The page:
The details of the Android vulnerability that enables an attacker to create a malicious update to an APK file without breaking its cryptographic signature have become public but it appears as though Google will have a patch ready for the flaw by the time it’s fully disclosed early next month.
The vulnerability involves the way that Android handles integrity checks on APK files and enables an attacker to create two versions of a given file with the same name, one that is benign and will pass the signature check and another that contains exploit code. The two files can be combined in one zip file in such a way that the benign one will be used when the device checks the signature on it and then the malicious one will be loaded onto the device.
Bluebox Security, which discovered the vulnerability and released some information on it last week, has been working with Google to coordinate the disclosure of the full details of the bug. The company is planning to discuss the vulnerability in a talk at the Black Hat conference in Las Vegas later this month, but Jeff Forristal, the company’s CTO, said that it has been waiting for Google to patch the vulnerability for several months now.
“Google initially indicated a 90 day window prior to releasing the patch to AOSP plus releasing firmware fixes for Nexus devices (which would be approximately the beginning of June). The last communication from Google indicated they will have the patch released by the time of my Blackhat presentation, Aug 1. Other vendors have already started releasing updated firmware for devices; fixes are in the ecosystem,” Forristal said via email.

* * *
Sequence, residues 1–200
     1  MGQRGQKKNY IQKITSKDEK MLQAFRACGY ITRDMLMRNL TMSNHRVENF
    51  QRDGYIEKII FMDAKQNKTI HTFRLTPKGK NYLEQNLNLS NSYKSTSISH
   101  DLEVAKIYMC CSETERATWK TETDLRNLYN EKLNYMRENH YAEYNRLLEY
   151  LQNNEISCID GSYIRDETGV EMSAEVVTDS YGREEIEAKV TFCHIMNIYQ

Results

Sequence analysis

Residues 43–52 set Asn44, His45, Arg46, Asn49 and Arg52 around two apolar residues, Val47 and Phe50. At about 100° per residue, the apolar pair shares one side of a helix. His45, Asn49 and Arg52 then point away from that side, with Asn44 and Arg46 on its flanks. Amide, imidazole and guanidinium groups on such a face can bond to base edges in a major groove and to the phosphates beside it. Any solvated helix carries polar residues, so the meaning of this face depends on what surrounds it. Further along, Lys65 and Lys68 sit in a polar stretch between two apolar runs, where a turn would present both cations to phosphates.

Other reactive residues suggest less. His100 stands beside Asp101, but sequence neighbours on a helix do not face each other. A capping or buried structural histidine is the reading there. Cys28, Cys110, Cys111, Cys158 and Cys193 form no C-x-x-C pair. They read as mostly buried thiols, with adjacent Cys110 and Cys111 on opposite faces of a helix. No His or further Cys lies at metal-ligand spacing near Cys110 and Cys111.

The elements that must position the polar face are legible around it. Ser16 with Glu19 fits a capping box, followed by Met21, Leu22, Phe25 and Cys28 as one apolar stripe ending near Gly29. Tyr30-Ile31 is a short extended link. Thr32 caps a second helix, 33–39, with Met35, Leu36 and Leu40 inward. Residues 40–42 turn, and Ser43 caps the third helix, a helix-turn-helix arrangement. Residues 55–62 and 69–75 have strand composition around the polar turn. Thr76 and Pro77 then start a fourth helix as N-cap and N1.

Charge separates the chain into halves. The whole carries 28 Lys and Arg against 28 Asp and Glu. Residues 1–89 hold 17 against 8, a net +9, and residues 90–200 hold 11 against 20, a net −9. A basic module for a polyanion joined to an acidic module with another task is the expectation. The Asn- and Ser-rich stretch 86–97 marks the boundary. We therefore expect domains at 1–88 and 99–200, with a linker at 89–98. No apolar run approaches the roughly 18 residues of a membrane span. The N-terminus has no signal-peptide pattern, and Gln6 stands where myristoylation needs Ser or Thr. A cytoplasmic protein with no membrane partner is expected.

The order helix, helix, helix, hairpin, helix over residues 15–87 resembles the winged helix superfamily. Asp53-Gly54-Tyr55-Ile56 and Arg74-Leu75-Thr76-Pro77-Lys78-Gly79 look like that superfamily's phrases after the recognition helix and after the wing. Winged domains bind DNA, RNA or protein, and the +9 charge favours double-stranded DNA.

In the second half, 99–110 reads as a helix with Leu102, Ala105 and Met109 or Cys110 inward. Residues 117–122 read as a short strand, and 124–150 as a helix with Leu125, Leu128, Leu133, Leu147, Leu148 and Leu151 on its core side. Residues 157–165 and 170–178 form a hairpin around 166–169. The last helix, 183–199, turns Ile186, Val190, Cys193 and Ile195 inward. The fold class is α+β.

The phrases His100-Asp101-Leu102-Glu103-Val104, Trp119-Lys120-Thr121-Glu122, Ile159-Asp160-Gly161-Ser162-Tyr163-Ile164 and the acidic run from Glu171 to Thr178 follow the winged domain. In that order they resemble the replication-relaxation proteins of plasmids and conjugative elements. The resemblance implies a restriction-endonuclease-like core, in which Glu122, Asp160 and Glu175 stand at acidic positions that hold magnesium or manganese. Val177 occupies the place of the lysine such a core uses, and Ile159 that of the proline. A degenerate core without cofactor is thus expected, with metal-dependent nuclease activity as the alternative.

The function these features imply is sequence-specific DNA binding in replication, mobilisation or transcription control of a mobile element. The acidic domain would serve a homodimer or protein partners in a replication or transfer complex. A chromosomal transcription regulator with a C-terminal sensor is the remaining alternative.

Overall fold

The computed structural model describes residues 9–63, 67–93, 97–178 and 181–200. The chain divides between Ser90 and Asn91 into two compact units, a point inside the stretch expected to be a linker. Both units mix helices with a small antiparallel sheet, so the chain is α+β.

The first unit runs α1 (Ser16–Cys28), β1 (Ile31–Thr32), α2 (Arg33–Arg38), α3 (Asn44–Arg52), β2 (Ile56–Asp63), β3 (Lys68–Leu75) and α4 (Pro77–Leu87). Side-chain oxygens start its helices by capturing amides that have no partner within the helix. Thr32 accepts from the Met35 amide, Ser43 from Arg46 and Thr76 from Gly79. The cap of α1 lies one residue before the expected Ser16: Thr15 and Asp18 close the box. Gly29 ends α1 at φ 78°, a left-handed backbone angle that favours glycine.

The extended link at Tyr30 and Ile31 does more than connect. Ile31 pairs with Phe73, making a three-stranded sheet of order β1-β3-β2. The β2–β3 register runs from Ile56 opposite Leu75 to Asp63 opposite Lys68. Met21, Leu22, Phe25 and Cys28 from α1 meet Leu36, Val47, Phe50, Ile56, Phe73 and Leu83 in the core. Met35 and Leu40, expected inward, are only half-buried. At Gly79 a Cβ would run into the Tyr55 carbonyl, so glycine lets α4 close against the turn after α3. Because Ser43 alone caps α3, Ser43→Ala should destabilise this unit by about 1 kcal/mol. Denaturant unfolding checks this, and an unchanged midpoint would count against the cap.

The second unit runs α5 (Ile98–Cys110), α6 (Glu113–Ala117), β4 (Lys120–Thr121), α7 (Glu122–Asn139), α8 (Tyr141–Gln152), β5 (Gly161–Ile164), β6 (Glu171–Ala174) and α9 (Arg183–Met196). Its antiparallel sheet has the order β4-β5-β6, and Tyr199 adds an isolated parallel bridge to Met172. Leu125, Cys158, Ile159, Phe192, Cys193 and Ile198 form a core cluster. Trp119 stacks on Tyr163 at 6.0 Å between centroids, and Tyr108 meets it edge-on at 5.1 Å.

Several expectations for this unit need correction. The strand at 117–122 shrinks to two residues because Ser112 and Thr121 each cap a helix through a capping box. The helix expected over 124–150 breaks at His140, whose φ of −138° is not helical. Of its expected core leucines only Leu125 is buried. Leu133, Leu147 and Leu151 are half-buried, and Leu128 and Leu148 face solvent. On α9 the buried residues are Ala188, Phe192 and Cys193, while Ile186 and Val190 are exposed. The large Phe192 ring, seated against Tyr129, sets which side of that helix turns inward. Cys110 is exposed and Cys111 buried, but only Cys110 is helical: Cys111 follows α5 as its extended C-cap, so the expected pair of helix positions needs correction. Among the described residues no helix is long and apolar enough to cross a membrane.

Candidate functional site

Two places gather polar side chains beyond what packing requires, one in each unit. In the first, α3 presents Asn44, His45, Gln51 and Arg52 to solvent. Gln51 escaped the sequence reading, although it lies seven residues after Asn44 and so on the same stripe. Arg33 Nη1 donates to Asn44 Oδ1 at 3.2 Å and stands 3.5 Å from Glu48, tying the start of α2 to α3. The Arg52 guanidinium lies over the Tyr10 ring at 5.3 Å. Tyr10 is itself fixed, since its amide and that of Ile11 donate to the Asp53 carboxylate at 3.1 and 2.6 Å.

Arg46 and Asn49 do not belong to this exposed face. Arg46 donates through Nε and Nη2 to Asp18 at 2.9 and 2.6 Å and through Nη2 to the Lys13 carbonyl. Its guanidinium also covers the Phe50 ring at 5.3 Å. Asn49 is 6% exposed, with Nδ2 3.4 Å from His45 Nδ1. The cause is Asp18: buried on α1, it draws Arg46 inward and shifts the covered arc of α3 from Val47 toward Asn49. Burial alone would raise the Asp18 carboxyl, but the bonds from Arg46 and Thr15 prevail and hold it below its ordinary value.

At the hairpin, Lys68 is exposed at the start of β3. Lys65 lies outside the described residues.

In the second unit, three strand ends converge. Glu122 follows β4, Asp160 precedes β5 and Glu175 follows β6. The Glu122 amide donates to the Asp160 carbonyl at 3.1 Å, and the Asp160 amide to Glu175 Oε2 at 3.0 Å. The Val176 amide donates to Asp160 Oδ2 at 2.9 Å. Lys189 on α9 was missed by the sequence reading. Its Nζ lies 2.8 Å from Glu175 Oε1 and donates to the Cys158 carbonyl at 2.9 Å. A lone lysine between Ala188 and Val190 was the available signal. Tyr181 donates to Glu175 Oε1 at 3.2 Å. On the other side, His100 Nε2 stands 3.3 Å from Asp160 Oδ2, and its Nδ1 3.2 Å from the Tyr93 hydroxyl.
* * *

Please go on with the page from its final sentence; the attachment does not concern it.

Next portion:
Android users are dependent upon their carriers for software patches and each carrier has its own timeline for releasing updates.
The details of the Android vulnerability began to come into focus over the weekend when the maintainers of CyanogenMod published details of a bug they were patching, which lined up with the Bluebox advisory. On Monday Al Sutton, an Android specialist and founder of Funky Android Ltd. in the UK, posted a summary of the vulnerability and the behavior that could be used to exploit it. Discussing the effect of the vulnerability last week, Forristal said that it gave an attacker a reliable method for getting executable code onto any vulnerable Android device, which is hundreds of millions of devices going back to Android 1.6.
“We are able to modify executing code in the APK that is installed. That is normally a red flag because that would break the signature,” Forristal said. “We can do it by not breaking the signature. We have the ability to update any application on a phone and get access to data. We can make a malicious Facebook update by inserting Trojan code into a real one without breaking Facebook’s signature.”
In addition to the vulnerability details becoming public, there also is a proof-of-concept exploit tool available for the bug.
Image from Flickr photos of Kham Tran.